And in North America, specifically the US, are people more accustomed to the outward vestiges of freedom that they take a more measured approach to demanding change? It seems that some of the issues are similar --- leadership, more say in government, greater equality, a sustainable life for their children and grandchildren. But why the differences in approach? Or is it that in North America, in slowly losing something that we have, our candle burns a little slower and we don’t recognise it for what it is? Eventually the candle will burn out and then what? Will North Americans resort to violence as has happened in the Middle East and North Africa? Will the same happen in Europe? in Australia? in the Far East?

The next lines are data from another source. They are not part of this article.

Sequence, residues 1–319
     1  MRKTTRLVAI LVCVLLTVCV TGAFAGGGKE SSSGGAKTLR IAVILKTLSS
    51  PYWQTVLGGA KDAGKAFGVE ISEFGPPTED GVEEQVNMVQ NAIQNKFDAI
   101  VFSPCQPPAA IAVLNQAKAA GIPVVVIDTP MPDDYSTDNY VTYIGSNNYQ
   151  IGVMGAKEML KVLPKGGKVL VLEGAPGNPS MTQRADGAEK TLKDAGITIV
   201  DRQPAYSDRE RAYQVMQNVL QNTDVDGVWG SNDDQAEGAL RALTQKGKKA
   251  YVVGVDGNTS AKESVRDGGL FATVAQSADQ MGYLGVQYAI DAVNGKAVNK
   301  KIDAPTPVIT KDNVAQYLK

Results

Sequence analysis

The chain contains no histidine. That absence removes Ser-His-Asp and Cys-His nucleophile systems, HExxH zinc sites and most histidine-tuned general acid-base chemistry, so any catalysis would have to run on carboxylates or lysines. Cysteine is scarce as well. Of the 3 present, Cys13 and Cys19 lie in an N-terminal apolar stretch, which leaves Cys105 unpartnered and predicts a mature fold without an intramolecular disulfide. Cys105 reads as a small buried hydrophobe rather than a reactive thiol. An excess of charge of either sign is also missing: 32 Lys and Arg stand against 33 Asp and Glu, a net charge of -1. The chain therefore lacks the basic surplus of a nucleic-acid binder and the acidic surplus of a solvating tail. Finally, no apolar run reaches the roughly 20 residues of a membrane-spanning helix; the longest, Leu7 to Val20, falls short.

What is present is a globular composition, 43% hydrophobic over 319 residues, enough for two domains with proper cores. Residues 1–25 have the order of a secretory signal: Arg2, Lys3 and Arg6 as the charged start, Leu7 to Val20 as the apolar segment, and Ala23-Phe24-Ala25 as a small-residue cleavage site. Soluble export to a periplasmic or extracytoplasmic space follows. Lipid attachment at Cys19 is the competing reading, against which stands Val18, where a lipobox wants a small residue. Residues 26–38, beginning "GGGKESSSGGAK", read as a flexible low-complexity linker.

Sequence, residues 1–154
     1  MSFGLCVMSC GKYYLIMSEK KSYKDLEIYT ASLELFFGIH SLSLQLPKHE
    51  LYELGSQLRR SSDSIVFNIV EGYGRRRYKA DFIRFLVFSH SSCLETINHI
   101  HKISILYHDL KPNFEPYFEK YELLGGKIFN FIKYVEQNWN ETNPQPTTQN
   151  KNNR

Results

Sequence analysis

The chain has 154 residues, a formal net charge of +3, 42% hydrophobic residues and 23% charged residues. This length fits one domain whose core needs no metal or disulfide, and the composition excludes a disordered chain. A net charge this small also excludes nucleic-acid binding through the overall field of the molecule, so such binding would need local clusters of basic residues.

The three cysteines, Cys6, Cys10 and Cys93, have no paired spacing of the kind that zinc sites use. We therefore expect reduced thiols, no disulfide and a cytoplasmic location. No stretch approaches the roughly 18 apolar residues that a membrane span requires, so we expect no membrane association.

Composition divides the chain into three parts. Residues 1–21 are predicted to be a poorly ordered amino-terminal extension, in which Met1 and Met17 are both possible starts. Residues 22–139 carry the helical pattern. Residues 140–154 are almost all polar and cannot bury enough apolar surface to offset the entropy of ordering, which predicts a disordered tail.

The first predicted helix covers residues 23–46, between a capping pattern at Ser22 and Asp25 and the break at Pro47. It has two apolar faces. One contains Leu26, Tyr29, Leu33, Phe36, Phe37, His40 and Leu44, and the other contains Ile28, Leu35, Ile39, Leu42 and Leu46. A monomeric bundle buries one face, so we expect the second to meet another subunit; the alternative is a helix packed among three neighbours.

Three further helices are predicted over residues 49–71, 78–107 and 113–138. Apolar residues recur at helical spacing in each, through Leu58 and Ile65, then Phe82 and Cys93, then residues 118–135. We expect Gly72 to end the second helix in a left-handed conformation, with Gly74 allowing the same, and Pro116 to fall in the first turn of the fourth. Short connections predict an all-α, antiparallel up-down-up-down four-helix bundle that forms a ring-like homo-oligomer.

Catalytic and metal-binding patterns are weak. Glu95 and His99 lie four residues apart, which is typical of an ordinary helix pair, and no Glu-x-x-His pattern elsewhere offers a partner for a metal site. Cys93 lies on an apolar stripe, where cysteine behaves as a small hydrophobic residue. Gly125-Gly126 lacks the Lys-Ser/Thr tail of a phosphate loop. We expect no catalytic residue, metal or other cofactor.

Just some questions. But I do believe that voters have to overcome their complacency if any change is really to happen.